A website attack prompted an Australia-based mining company to shore up its security implementation, reports Greg Masters.

Gone are the old days when a letter to the editor was sufficient to express a disagreement. Why stop there when as a form of public resistance and masked behind anonymity a disgruntled group can express its outrage by shutting down a website.

Such was the case when the website of the Lynas Corporation was hacked by a group opposed to the rare earths mining company setting up a processing plant in Malaysia. 

As part of a move to secure its website (which was hosted externally), the company’s IT team – nine staff located across Australia and Malaysia – also decided to tighten up internal security. 

“We always had firewalls in place, but following a thorough security analysis we felt we would benefit from making further improvements,” says Gillian Kidson, the IT general manager at Lynas.

With headquarters in Sydney and plants and offices in Mount Weld and Perth in Western Australia, and Kuala Lumpur and Kuantan in Malaysia, the company currently employs around 700 staff, including contractors.

“We are aware that as a new player in the rare earths market – one traditionally dominated by China (as both a supplier and a consumer) – we are very exposed to competition and opponents,” says Kidson. “Our vision of building a highly automated, environmentally sustainable plant for the processing of rare earths to specific customer quality specifications required that the design data be highly secure.”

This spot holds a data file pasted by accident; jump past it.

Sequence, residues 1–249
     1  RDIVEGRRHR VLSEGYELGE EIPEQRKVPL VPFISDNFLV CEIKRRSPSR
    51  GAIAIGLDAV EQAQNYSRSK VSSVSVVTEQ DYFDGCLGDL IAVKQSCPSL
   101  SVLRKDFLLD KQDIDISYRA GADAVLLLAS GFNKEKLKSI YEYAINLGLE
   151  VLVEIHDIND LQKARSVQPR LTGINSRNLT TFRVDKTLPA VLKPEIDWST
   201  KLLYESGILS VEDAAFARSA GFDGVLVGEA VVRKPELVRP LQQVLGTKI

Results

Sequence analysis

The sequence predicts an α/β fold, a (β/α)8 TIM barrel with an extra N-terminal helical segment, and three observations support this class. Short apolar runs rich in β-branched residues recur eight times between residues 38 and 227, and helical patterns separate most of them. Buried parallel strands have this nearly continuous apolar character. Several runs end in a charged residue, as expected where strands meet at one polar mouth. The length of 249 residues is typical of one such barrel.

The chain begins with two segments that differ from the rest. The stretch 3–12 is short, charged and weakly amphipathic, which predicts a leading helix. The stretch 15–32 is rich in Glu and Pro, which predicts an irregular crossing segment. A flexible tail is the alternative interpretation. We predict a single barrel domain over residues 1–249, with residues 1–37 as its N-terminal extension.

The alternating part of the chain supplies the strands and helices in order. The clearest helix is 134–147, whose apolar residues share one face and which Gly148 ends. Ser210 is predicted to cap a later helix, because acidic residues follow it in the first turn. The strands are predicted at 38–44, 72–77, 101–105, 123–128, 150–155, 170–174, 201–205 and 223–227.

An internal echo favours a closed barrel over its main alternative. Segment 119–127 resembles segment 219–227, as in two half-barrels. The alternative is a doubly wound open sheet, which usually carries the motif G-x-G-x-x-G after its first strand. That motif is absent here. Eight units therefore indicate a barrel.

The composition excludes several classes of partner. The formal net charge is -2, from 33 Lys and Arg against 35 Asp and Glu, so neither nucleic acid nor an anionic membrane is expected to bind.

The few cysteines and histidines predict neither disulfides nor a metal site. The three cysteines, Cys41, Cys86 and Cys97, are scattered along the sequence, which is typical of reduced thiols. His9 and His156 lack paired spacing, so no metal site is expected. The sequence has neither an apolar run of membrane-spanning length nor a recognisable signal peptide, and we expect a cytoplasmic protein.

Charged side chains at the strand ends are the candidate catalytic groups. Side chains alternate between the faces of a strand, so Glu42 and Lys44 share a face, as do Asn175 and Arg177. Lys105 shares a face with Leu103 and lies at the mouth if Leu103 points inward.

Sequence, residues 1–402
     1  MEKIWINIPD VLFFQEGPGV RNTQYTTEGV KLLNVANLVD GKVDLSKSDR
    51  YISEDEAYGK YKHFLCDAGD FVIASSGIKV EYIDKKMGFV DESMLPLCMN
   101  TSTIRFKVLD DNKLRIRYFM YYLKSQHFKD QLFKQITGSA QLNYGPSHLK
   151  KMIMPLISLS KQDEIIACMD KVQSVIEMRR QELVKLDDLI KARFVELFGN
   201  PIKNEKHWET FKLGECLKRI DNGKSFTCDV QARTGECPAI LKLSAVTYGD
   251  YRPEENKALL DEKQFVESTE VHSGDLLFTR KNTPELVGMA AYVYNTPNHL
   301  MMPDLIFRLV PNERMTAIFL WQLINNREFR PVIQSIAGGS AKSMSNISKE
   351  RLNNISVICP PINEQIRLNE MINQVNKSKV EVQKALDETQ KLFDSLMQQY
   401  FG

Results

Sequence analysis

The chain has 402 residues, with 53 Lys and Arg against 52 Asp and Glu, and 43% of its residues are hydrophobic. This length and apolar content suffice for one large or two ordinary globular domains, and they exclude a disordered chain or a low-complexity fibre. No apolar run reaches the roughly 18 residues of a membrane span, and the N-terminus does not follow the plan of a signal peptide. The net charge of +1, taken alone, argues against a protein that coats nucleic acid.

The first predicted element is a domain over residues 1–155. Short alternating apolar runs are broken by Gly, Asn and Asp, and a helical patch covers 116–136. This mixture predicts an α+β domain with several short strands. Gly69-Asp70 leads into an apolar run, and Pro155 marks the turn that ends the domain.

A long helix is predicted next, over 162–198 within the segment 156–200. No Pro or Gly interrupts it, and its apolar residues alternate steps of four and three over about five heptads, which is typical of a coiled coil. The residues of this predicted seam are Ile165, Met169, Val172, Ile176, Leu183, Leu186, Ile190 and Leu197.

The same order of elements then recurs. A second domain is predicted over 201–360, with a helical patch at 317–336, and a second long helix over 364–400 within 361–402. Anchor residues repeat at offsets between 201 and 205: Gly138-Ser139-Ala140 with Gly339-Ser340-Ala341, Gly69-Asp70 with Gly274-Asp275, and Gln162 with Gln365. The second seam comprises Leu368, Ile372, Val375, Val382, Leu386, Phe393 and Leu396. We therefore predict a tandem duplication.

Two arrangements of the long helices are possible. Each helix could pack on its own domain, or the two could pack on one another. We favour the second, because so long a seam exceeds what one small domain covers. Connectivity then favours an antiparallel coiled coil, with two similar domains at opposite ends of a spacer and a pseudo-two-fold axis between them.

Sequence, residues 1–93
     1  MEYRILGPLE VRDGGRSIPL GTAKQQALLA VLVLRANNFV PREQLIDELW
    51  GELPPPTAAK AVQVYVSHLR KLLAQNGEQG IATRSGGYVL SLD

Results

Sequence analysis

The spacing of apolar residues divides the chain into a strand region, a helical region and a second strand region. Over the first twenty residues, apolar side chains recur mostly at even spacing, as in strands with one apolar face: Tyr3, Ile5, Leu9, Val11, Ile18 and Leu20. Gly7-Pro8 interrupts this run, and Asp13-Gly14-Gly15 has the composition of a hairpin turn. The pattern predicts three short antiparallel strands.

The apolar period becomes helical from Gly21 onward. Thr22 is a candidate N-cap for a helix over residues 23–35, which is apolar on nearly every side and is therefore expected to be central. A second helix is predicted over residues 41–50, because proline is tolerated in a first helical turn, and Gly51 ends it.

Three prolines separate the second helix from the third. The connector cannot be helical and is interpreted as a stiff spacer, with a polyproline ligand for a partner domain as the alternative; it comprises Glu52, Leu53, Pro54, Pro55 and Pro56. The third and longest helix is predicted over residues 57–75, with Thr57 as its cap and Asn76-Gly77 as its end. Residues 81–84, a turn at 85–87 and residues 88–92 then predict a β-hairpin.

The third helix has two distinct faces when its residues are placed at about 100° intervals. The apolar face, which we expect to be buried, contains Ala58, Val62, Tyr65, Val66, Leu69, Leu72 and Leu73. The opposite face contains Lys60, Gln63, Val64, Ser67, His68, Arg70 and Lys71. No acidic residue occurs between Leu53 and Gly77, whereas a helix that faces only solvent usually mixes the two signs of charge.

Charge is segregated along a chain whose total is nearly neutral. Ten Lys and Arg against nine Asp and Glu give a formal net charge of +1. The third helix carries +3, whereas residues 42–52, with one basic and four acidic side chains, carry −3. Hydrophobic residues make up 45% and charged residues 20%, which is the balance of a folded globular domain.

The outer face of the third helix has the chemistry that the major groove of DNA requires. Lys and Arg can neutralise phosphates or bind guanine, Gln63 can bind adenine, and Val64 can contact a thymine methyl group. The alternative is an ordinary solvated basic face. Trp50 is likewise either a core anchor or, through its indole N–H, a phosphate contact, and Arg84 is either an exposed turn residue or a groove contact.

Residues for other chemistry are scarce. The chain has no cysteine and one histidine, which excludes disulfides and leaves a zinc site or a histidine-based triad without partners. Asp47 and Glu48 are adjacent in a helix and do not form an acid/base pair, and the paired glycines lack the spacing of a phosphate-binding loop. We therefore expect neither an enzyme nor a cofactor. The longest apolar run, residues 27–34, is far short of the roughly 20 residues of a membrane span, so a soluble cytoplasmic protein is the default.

The decision was discussed at a high level in order to obtain support and sign-off for the project. From that point it was the responsibility of Kidson and her IT team to pull in expertise from specialist partners and to ensure that they took into account all the technologies required while providing a level of monitoring that prepared the business for any unauthorized attempts made to access its data.

“We spoke with three security companies – each of which offered very different solutions,” says Kidson (left). “Our selection had to take into account upfront capital expenditure and on-going operating costs,” she says. “As a young company, we didn’t want to be burdened with a large capital investment so early, especially considering the rapid pace of change in the security environment.” The solution also had to be consistent with today’s platforms, but which would also provide Lynas with the flexibility to move to an updated platform as technology evolved.

 The final decision came down to the quality and level of monitoring recommended, as well as the structure of the funding required. Kidson’s team selected a solution from NTT Com Security, WideAngle MSS, to provide a single solution for cloud, on-premise or hybrid models. This move, she explains, is now assured with no capital investment by Lynas, and will be based purely on monthly operating costs. 

The NTT solution also meant her team didn’t need to have fully qualified technical staff on board, because 24/7 monitoring was included. “The benefit we have experienced from a human resource perspective is huge, allowing us to employ IT staff in positions integral to our business, as opposed to supporting roles,” she says.

NTT Com Security MSS delivers meaningful information for active threat management, says Garry Sidaway, global director of security strategy at NTT Com Security. It combines consulting, managed security and technology services in a single portfolio developed to serve global customers across every industry. “With customer security and business continuity its highest priorities, NTT Com Security never fails to keep an eye on the bigger picture – identifying risks, optimizing the use of available resources, meeting compliance, and aligning risk management with clients’ commercial goals and strategic ambitions, says Sidaway.